C casting

This is a discussion on C casting within the C Programming forums, part of the General Programming Boards category; Can anyone tell me the difference between: Code: float answer = 3.0f; Code: float answer = (float)3.0; I understand if ...

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    C casting

    Can anyone tell me the difference between:


    Code:
    float answer = 3.0f;
    Code:
    float answer = (float)3.0;
    I understand if you have a variable you can't append an "f" on it, you would have to cast it. Is the second one bad coding or not recommended? Will the compiler do anything different for each one? I always thought the first was sort of shorthand for the second, but I wasn't sure. The second one is called a "cast," but what is the first one called? Thanks!

  2. #2
    Deathray Engineer MacGyver's Avatar
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    I believe that the first one is natively taken as a float, and the 2nd one is taken as a double and then converted to a float. The first one is done at compile-time and the 2nd at runtime, unless the compiler is smart enough to optimize.

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    C++まいる!Cをこわせ! Elysia's Avatar
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    Quote Originally Posted by Loctan View Post
    I understand if you have a variable you can't append an "f" on it, you would have to cast it.
    Yes, for numbers, you can append "f" to make it treated like a float. It cannot be done on variables; those must be cast.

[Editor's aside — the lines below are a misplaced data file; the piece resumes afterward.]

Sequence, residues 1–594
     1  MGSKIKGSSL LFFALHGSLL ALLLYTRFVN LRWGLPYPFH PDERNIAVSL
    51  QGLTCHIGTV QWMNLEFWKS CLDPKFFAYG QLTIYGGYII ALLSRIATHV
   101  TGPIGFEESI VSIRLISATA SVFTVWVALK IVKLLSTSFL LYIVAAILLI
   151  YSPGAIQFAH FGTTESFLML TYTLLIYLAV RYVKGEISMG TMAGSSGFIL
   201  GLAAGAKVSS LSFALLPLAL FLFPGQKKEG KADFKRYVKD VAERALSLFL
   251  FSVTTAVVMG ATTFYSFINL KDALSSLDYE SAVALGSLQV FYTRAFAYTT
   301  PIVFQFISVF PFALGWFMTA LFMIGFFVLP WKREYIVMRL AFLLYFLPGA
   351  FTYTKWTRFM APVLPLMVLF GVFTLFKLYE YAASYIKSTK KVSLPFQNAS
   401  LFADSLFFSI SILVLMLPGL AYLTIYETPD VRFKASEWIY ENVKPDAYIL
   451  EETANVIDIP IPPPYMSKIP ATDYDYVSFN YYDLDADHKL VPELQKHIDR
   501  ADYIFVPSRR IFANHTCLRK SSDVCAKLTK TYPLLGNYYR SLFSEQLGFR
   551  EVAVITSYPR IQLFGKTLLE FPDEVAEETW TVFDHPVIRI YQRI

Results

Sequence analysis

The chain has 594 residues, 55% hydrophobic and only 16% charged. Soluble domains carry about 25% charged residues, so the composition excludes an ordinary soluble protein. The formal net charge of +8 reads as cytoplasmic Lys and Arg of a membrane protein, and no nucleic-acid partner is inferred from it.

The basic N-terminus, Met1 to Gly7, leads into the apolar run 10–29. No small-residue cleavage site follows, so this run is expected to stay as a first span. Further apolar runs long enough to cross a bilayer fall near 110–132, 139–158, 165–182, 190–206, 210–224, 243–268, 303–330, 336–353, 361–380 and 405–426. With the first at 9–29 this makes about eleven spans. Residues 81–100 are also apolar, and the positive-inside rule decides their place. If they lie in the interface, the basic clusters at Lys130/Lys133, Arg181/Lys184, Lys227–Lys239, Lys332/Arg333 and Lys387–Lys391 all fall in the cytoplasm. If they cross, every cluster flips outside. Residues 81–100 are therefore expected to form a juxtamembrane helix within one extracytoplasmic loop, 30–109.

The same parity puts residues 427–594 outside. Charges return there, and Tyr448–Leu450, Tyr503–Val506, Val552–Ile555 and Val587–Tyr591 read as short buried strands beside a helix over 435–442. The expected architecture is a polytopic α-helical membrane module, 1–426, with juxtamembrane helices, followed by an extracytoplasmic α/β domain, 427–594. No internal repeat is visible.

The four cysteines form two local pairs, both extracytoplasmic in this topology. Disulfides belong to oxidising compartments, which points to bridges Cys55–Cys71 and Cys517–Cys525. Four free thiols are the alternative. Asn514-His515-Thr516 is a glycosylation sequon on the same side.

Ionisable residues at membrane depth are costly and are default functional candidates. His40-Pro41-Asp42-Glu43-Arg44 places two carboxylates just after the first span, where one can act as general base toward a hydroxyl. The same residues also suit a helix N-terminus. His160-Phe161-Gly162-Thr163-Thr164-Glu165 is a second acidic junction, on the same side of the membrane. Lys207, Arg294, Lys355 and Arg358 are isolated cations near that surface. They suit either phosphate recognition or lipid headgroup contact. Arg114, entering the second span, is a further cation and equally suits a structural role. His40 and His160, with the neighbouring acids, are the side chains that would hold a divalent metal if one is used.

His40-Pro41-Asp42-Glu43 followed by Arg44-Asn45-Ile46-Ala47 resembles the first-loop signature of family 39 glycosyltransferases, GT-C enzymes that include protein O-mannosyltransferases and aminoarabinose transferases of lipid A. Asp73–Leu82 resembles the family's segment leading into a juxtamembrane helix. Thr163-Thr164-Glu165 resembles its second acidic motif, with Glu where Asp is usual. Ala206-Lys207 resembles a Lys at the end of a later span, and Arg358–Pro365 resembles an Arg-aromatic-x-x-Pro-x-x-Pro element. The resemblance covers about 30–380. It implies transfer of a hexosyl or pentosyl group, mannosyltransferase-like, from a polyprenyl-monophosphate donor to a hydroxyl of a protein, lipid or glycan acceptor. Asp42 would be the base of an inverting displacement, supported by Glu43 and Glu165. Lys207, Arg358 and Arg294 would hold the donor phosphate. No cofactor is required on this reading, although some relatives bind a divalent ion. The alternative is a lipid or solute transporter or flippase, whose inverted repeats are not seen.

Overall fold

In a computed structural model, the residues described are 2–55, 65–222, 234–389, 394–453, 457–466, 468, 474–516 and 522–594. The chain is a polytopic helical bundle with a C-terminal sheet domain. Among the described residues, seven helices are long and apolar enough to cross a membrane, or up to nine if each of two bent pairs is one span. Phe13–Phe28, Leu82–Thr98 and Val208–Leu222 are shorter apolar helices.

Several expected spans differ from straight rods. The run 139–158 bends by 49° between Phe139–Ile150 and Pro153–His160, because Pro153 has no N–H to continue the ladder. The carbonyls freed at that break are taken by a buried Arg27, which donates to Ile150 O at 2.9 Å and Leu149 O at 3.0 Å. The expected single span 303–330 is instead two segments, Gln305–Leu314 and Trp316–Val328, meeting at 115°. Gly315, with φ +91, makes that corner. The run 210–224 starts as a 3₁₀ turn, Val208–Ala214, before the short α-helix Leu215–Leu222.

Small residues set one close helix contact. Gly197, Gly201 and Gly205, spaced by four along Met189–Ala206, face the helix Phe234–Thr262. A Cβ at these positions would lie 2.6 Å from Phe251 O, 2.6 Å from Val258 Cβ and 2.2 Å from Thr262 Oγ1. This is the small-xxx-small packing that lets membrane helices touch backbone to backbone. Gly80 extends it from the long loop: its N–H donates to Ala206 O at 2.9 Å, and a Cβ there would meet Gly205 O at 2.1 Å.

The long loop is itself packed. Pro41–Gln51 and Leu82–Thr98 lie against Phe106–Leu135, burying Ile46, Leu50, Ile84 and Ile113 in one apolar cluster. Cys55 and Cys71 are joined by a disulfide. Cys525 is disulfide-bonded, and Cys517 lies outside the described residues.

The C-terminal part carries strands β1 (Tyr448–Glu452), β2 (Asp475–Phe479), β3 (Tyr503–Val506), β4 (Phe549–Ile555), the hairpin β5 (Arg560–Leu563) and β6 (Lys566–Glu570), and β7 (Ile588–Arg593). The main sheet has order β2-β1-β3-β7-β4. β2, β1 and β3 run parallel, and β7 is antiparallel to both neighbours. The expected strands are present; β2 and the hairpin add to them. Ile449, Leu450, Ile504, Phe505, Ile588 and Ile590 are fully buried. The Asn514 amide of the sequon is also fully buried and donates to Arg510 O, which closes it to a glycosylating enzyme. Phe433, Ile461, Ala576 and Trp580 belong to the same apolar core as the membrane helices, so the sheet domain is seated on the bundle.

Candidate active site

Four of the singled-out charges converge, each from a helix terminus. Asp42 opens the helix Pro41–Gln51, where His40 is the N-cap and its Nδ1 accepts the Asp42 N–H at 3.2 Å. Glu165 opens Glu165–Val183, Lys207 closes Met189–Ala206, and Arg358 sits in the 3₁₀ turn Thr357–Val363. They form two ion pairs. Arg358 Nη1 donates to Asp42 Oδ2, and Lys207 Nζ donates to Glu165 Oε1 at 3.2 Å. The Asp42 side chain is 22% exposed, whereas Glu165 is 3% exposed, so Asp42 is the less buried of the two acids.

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    C++ Witch laserlight's Avatar
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    3.0f is a float literal, 3.0 is a double literal.
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    DESTINY BEN10's Avatar
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    i think as such there is no difference between 3.0f & (float)3.0 as both the statements do the same thing i.e treat 3.0 as a float.and yes 3.0f is stored as a float and 3.0 as a double.there sizes in memory will also differ.

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    Quote Originally Posted by BEN10 View Post
    i think as such there is no difference between 3.0f & (float)3.0 as both the statements do the same thing i.e treat 3.0 as a float.and yes 3.0f is stored as a float and 3.0 as a double.there sizes in memory will also differ.
    Correct, the same value will end up in answer, but what is in memory that the answer gets loaded from may be different (assuming compiler doesn't optimize it - which is very likely in this case).

    However, if we do something like this:
    Code:
    ... 
       answer = 2.8f;
    
       ...
    
       if (answer == (float)2.8)
          printf("The same\n");
    The result could possibly not be what you expect.

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